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shonda: do you do this for the women you work around? who you work with? the younger women or the women -- mrs. obama: oh my gosh, we have these conversations all the time. shonda: we do too. mrs. obama: i have a heavily female staff. we run things here. guys ur guys -- the poor at our table. you still see it. i spend a lot of time mentoring, coaching women in our office, even in the west wing. there were still women who complained about not being included, but weren't necessarily willing to push to get in. i am constantly telling young women to speak up, to talk. don't waste your seat at the table, and if you are scared to use your voice, you have to let someone else in that will use it, because we cannot afford for you to be afraid to fail.
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it is a waste of thoughts. but you also have to create the environment where people feel comfortable. and that is what i know that our environments do. shonda: i try hard to make sure the women who work there -- if i say, what do you want to be to our young writers? a lovely young black woman, really talented, she said she hopes to be a coproducer on someone's show. i stopped her in the hallway and i said, don't ever say that out loud to someone ever again. when someone asks you what you want, you say, i want my own show. that is how you get something. it is that fear i think that happens. but what if that doesn't happen? i said, it is never going to happen if you don't say it out loud. mrs. obama: men don't even ask that question, what if it doesn't happen?
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i would not say all men, but the -- that a lot of men don't ask that question. what if it doesn't work out? that is a behavior of our gender. shonda: i think men just know or feel comfortable just leaping. mrs. obama: that is how they socialize. you are supposed to compete. you are going to lose. if we don't even play games -- the other thing i realized when i was younger, sports -- even though i am a closeted jock, that is not something that was available to girls in my generation. there were sports, but title vii had not done its job in the way it had for my girls' generation. there is a practice you get in competing and playing and losing and recovering from it. trying something onstage or competing alone. i think boys get to practice.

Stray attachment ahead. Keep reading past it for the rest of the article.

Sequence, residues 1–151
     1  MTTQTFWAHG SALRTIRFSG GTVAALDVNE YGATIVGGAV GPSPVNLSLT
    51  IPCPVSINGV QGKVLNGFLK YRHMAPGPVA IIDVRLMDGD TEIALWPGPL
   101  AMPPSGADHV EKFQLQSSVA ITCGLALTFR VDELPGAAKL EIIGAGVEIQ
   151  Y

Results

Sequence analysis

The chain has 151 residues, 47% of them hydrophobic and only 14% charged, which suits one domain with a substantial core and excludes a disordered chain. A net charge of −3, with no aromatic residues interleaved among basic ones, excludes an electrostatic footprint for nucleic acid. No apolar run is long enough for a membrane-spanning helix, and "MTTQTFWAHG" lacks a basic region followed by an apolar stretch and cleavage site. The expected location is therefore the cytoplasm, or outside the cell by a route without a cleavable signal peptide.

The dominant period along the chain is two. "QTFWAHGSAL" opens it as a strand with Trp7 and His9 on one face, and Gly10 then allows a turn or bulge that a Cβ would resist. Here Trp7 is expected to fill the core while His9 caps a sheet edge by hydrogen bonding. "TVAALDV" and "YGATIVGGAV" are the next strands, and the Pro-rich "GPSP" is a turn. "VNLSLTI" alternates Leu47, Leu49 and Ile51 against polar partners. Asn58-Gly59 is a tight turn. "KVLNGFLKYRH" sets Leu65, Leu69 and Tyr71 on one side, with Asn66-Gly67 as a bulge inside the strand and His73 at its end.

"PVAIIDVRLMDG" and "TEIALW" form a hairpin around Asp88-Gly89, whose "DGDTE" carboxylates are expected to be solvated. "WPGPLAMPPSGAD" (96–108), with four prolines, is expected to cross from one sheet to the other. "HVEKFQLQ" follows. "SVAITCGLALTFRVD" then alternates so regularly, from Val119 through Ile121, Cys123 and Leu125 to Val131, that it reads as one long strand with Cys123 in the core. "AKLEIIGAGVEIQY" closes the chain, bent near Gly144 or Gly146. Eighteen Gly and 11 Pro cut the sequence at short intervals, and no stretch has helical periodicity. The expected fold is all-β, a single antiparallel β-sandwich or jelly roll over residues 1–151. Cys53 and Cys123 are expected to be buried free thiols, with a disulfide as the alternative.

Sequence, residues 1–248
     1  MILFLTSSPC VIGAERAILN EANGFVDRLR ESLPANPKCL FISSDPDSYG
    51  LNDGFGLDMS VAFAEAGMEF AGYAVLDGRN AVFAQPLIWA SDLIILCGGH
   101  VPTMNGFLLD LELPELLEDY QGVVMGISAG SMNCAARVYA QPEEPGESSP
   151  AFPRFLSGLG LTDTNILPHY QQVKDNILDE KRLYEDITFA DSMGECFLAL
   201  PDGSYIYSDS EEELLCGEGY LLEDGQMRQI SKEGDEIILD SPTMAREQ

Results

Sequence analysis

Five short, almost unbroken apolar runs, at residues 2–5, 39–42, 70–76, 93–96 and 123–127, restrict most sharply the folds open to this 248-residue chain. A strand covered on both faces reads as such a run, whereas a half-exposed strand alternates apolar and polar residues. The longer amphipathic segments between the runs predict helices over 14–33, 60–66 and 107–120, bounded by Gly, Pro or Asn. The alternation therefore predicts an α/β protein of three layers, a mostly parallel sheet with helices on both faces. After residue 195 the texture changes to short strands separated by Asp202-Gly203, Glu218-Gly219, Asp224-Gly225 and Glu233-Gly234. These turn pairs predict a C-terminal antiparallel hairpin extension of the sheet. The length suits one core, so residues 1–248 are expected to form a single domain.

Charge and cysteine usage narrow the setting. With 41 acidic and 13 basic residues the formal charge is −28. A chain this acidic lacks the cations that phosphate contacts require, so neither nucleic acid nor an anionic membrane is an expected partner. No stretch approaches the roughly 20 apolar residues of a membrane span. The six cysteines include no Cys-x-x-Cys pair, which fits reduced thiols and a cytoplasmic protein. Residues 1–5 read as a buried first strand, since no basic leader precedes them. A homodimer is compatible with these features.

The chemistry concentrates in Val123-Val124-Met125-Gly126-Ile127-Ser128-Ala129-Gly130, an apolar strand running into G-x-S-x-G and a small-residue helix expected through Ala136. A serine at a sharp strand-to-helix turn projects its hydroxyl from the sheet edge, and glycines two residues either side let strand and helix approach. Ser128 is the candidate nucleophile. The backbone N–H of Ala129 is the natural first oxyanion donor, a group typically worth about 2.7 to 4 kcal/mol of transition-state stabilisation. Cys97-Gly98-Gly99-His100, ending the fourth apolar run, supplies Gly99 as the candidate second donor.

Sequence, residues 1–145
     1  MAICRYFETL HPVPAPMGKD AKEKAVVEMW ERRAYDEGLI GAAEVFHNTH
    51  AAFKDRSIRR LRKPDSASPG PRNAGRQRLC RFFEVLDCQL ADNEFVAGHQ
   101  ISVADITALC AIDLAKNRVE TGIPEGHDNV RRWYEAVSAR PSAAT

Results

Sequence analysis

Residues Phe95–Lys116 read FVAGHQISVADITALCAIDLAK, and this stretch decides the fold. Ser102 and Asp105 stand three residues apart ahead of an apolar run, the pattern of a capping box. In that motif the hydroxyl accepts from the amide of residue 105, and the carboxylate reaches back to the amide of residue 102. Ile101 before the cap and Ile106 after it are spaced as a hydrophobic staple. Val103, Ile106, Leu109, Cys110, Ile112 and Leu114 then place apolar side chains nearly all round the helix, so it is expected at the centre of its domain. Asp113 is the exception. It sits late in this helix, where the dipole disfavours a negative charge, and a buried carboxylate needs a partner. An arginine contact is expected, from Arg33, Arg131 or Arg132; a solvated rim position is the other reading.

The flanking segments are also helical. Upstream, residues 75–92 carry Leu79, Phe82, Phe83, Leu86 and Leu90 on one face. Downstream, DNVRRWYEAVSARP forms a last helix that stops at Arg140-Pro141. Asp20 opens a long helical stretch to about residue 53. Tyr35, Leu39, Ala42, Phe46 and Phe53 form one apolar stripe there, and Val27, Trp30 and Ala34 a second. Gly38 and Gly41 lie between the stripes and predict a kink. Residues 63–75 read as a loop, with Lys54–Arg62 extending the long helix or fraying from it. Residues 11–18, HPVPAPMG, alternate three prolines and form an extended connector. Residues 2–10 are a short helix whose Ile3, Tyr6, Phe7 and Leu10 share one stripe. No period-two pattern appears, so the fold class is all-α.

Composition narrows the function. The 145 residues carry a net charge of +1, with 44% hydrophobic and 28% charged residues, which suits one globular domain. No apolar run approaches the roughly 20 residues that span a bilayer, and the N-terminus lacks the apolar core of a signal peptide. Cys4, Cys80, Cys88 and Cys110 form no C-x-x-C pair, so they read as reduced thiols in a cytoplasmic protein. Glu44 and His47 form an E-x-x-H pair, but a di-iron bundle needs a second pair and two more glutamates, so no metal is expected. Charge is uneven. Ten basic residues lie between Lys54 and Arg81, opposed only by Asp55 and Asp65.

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they practice it a lot more. my brother, who was a basketball player, competed every saturday. instead of being on the court, where was i? i was hitting on the bleachers with the other girls cheering. those were opportunities that i missed to practice competing and loss, the whole gamut. shonda: billy jim king is according to statistics that the more women that occupy high level roles in companies say they competed in a team sport, which makes a big difference. i played the oboe. >> [laughter] mrs. obama: very competitive instrument. shonda: i was in the marching band. mrs. obama: you are carrying your oboe, ripping it up. shonda: you know, get involved in something.
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what do you think makes this time in life for young women different from even just 10 years ago? for your girls. i feel like they have a different view on the world, a different method in terms of how they work than we have. it is the idea that gen x, they work in a different way. what do you think they have to teach us? mrs. obama: oh gosh, i think this generation, because of social media, the internet, there are positives and negatives to it, and trust me, i have my issues with technology and how it just sort of -- the -- sucks the life out of kids in some way, shape or form, but i also see kids are more exposed to more people and more cultures.
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i think they are more open in ways. i think that they are less tolerant of obvious in equities. -- in equities. i think that this generation will look at what is happening now in the world and they will say, this does not feel right because this is not what i was taught. they are looking at the struggle of values as, do what i say, not what i do. i think this generation of kids that have been taught to probe and think for themselves, you know have been raised with an openness. many of the young people today only know barack obama as their president and what that standard felt like. and what kind of messages were being talked about. under hope andly possibilities and options and opportunity and creating more space, so i think -- i think
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they will be less tolerant. i think they will feel some of what is happening now as intrinsically not what they were taught. so i think in that way they give me hope, so i think that they are going to, when they start stepping into power, they will come to a lot of these issues with a new way of seeing the world and viewing relationships, and their connection to people. so i am optimistic in that way. but i also feel like i do not even know what technology is going to mean for them. i think i am not even in a position to know how they will be different, because i cannot relate to so much of what my kids do and how they act. and what it is doing to their brains. so i have a hard time knowing what it is going to mean. shonda: is a bring in the world -- is it bringing the world
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closer, or are you more isolated, or are you more connected? i cannot figure it out. mrs. obama: how do you do with your kids and technology? shonda: i do pretty well. my little ones do not really have technology. mrs. obama: you just wait. [laughter] shonda: but the 15-year-old, she has a phone and ipad and they are always with her when she is doing homework, sometimes she is studying with a friend on it and sometimes she is not. and every year i do something called amish summer, when i turn off all the electronics in the house. mrs. obama: you are so cool. -- horrible. they hate you. [laughter] shonda: there is a big dramatic rush and i tell them to go outside and figure out what the world looks like and there is a week of mourning. . week of serious mourning mrs. obama: they hate you. shonda: yes. and then i come home and my daughter has built a city out of cardboard boxes and it is fine.